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Old 05-01-2009, 03:01 AM   #8
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I have a inline pressure valve I purchased at walmart max pressure 50 psi just a back up in case the one I have which is 20 years old desides not to work. I also installed a inline back flow valve at the pump to .
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Old 05-01-2009, 08:13 AM   #9
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To all my Fellow trailer-sailors: Much thanks! OK! I concur. <grinning> Off to the hardware or plumbing supply stores and both pieces will be replaced. Let me re-cap this thread:

1. The pressure-regulator is necessary due to wide variation of pressures.
2. An in-line pressure regulator can be installed along the hose line. This type of pressure regulator can be purchased at WAL MART?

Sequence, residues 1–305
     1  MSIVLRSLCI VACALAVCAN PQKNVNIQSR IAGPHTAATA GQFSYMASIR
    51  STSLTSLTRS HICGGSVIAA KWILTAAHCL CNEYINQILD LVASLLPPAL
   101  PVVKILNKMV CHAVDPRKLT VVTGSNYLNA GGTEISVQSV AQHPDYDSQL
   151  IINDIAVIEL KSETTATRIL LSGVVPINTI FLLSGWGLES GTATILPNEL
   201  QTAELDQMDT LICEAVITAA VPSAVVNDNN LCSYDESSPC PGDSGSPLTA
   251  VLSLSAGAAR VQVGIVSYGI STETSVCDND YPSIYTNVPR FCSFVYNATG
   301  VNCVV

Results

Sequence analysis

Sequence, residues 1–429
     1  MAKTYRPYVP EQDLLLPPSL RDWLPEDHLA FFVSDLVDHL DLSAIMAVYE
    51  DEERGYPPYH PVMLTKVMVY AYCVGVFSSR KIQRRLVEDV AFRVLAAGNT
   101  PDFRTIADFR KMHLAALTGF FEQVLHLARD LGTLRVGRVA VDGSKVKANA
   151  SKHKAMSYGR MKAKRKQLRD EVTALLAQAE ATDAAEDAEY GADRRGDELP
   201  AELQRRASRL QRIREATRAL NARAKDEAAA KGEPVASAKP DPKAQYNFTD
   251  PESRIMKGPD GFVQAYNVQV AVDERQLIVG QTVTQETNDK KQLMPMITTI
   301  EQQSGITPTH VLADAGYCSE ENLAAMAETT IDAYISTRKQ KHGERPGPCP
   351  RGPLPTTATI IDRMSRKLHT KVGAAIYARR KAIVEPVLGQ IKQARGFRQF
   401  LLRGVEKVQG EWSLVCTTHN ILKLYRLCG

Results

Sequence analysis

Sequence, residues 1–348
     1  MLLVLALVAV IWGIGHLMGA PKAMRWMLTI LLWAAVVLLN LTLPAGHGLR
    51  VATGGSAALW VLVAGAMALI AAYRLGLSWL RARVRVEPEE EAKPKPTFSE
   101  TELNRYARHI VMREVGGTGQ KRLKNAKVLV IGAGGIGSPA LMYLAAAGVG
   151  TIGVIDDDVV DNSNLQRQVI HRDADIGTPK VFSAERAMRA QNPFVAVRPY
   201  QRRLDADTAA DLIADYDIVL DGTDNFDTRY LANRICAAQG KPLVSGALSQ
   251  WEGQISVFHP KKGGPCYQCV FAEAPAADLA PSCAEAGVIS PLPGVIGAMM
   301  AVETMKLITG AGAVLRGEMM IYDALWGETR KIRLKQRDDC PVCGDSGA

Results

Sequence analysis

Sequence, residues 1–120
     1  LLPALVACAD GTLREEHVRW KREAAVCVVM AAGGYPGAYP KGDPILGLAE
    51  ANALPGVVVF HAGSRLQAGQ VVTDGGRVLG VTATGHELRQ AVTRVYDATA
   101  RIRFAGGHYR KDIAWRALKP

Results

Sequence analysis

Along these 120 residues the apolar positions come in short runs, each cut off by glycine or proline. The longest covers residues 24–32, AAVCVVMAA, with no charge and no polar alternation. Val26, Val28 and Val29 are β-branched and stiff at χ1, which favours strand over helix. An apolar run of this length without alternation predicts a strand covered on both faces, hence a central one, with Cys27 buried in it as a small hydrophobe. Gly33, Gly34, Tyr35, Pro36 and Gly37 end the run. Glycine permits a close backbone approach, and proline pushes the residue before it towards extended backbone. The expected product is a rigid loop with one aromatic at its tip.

3. Without the back-flow one-way valve, the internal water pump will pump your tank water back out the hose fitting. (of course...)
4. The back-flow valve can be installed right next to the internal pump. (Thank you Mr. Crowley.)

I'm a newbie to Airstreams. When I bought this beast (31' Sovereign) I didn't know I was also buying into such a great group of like-minded folks. Naive me. <grinning>

Much obliged you all,

page crow
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Old 05-01-2009, 08:19 AM   #10
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You can replace the hose connection fitting with one that has the check valve built into it. That would take care of #3.

As stated earlier, the in line hose regulator should be placed at the water valve and not at the trailer end of the hose. This will keep the high pressure water out of the hose and prevent it from failing.